However, after centuries of dominance in Asia, the Middle Kingdom began to crumble during a 100-year period known as the ‘Century of Humiliation’ — dating from 1839 to 1949. During this time, China suffered at the hands of foreign powers, faced humiliating defeats, ceded territories, and was often forced to sign unequal treaties or bu ping deng tiao yue (不平等条约). For instance, the Treaty of Nanking during the Opium Wars resulted in Hong Kong being ceded to Britain in 1842, while the Treaty of Shimonoseki led to Taiwan being ceded to Japan in 1895 following the Sino-Japanese Wars [8]. These shameful events in China’s eyes, coupled with the burning of the Summer Palace by British and French troops in 1860, adversely affected China’s perception of itself and its view of foreign powers.

The Rise of Communist China & The Politics of Humiliation

Following the ‘Century of Humiliation’, China’s foreign policy has increasingly reflected a desire to dispel the shameful events of the past and to return  to a position in which China would once again be at the centre of the East Asian order. The Chinese Dream or zhong guo meng (中国梦), as articulated by President Xi Jinping in late 2012, envisions reclaiming national pride. While China has witnessed the return of Hong Kong and Macau to its fold, the prominence of Taiwan as a lost territory marshals a longing to bring together a ‘Greater China’ where the country is finally united and restored [9]. Similarly, it is possible that China’s aggression in the South China Sea is a manifestation of this belief – to reclaim lost territories back to China.

Further, China’s foreign relations might also be directed at reviving a neo-Confucian world order based on the tributary system [10]. Economic strategies, such as the Belt and Road Initiative (BRI) launched in 2013, seem poised at drawing neighbouring states back into China’s sphere of influence in a manner resembling the ancient tributary system. Additionally, akin to the bestowing of gifts by the Han Emperor to quell conflict with tributary states, China’s investment projects seem aimed at purchasing the silence of economically troubled Southeast Asian states over their claims of the Paracel and Spratly Islands.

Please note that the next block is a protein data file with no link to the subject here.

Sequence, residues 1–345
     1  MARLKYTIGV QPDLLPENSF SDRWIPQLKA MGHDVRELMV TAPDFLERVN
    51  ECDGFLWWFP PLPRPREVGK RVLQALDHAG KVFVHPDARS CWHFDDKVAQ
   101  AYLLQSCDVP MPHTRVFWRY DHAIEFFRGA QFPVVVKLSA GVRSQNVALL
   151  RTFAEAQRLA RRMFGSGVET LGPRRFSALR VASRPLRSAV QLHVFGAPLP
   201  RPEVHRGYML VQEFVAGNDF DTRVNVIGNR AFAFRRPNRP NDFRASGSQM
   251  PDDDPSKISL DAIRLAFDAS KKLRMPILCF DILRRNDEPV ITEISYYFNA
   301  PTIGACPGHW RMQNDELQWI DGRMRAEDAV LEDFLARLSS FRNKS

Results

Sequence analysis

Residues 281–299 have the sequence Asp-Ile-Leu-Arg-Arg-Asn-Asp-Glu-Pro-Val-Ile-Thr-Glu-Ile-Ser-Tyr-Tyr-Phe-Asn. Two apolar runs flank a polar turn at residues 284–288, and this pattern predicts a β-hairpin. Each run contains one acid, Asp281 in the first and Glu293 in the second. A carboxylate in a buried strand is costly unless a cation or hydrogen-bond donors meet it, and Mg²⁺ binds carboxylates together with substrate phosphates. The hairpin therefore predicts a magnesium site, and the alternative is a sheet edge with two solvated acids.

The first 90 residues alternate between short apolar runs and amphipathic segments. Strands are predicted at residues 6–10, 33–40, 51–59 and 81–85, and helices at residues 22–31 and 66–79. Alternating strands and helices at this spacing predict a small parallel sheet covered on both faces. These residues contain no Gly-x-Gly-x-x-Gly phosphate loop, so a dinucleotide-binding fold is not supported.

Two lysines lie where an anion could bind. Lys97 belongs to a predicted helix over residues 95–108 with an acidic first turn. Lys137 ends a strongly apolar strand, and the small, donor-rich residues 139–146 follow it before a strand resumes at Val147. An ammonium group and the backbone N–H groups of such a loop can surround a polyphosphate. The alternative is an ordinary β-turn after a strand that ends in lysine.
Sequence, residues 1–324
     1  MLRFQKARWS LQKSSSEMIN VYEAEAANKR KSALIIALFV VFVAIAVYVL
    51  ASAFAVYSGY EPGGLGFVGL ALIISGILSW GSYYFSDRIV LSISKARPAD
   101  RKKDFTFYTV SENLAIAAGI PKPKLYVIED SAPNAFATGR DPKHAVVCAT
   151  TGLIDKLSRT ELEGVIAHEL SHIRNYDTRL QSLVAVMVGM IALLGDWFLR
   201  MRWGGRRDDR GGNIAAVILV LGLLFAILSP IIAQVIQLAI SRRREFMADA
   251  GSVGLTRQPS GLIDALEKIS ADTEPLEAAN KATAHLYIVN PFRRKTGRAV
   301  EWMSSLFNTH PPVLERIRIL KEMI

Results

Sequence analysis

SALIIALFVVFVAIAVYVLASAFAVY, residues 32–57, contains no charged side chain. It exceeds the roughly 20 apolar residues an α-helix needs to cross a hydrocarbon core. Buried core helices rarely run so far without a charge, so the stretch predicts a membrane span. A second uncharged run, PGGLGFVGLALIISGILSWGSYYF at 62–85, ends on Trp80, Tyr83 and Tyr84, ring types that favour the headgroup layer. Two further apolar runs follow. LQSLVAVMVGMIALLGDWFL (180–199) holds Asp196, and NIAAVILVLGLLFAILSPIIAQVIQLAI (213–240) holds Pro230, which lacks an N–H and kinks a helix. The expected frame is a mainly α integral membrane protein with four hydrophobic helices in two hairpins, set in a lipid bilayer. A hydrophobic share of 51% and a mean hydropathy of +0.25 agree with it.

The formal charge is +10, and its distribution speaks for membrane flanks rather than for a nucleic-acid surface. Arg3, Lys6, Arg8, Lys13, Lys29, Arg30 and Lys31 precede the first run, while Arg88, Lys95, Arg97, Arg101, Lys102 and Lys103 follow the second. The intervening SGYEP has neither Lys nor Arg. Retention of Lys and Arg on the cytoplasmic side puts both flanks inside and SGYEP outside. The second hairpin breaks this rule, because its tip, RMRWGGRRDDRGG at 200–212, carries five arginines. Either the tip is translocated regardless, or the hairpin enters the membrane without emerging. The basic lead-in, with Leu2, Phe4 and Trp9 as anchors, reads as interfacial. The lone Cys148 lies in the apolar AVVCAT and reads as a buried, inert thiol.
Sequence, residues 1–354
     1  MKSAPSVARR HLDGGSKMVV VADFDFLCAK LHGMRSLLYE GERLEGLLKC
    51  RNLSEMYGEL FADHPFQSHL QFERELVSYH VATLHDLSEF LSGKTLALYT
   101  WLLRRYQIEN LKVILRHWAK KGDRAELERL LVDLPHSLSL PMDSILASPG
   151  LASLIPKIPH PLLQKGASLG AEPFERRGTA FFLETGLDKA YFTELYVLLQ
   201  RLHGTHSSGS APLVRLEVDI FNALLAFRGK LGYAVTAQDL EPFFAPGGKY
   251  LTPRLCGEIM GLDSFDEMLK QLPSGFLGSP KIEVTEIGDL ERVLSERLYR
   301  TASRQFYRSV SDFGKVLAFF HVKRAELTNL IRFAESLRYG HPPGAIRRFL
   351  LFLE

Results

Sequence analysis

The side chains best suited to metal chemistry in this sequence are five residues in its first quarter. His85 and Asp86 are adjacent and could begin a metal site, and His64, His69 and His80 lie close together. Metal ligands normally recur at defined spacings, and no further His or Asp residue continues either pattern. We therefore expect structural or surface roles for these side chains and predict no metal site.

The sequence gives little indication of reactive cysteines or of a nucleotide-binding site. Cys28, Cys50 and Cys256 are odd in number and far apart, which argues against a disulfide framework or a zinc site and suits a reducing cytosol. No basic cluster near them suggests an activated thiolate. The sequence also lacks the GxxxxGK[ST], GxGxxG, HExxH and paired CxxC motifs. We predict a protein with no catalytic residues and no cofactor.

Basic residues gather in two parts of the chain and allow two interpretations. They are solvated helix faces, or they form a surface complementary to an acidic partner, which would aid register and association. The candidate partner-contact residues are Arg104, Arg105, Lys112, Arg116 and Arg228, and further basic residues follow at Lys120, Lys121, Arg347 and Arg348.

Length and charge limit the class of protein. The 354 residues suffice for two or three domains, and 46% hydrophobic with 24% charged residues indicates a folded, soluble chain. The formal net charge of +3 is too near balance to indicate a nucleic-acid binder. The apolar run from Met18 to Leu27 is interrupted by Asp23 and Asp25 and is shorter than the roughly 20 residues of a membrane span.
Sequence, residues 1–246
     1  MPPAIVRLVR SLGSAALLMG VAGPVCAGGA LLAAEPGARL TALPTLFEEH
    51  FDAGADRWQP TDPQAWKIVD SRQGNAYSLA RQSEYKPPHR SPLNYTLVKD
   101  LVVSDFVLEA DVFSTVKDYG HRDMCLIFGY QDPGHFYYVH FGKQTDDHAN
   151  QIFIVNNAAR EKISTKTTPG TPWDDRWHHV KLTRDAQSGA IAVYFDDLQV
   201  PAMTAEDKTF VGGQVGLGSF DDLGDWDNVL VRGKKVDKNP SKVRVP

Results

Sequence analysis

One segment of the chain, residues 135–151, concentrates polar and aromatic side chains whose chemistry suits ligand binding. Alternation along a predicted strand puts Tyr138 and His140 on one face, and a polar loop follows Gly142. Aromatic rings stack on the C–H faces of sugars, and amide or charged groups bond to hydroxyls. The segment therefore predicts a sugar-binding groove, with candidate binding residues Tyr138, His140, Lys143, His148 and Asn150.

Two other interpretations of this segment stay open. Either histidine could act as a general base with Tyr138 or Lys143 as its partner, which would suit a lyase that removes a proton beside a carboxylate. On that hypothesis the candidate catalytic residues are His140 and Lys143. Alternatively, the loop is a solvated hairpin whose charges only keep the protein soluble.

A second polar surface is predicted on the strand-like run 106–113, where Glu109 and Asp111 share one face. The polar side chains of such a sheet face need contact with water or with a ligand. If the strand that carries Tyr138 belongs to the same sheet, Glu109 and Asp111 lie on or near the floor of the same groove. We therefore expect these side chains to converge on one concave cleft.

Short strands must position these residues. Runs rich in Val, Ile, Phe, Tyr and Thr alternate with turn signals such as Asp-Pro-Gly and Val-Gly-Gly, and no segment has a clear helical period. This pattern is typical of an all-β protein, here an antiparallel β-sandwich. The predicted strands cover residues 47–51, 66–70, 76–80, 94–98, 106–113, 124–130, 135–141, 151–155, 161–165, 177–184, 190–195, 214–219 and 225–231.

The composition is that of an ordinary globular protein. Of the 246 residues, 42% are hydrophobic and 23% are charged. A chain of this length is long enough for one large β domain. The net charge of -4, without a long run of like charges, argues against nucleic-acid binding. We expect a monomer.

Lastly, China’s militarization in the South China Sea needs to be understood from a historical and cultural standpoint. After 100 years of unequal treaties and shame, it comes as no surprise that a rising China now seeks to restore itself to the glory that was once imperial China. The ‘return of the dragon’ signals a demand for recognition from its neighbours and from the international community — China is hungry for power and hungry for islands.

Sarah Choong ( is pursuing her MA International Relations at King’s College London. She is the recipient of the Top 5 Best Delegate Award at the ASEAN Youth Summit 2012 in Jakarta, Indonesia. She will also be working as an intern at the International Organization for Migration, UN’s Migration Agency in Geneva beginning August 2017.


[1] Giles, Lionel. 2001. Sun Tzu on the Art of War.

[2] Scott, Shirley V. 2016. “China’s Nine-Dash Line, International Law, and the Monroe Doctrine Analogy.” China Information 30 (3): 296–311.

[3] Zou, Keyuan. 1999. “The Chinese Traditional Maritime Boundary Line in the South China Sea and Its Legal Consequences for the Resolution of the Dispute over the Spratly Islands.” The International Journal of Marine and Costal Law 14 (1): 27–55.

[4] Kaplan, Robert. 2014. Asia’s Cauldron: The South China Sea and the End of a Stable Pacific. New York: Random House.

[5] Jacques, Martin. 2012. When China Rules the World. 2nd ed. London: Penguin Group.

[6] Roy, Denny. 2013. Return of the Dragon: Rising China and Regional Security. New York: Columbia University Press.

[7] Wilson, Andrew. 2009. “The Maritime Transformation of Ming China.” In China Goes to Sea, edited by Andrew Erickson, Lyle Goldstein, and Carnes Lord, 238–87. China Maritime Studies Institute and The Naval Institute Press.

[8] Gray, Jack. 2002. Rebellions and Revolutions: China from the 1800s to 2000. 2nd ed. Oxford University Press.

[9] Harding, Harry. 1993. “The Concept of ‘Greater China’: Themes, Variations and Reservations.” The China Quarterly 136 (December). Cambridge University Press.

[10] Callahan, William A. 2012. “Sino-Speak : Chinese Exceptionalism and the Politics of History.” The Journal of Asian Studies 71 (1): 33–55.

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 Feature image: Andy Wong / Associated Press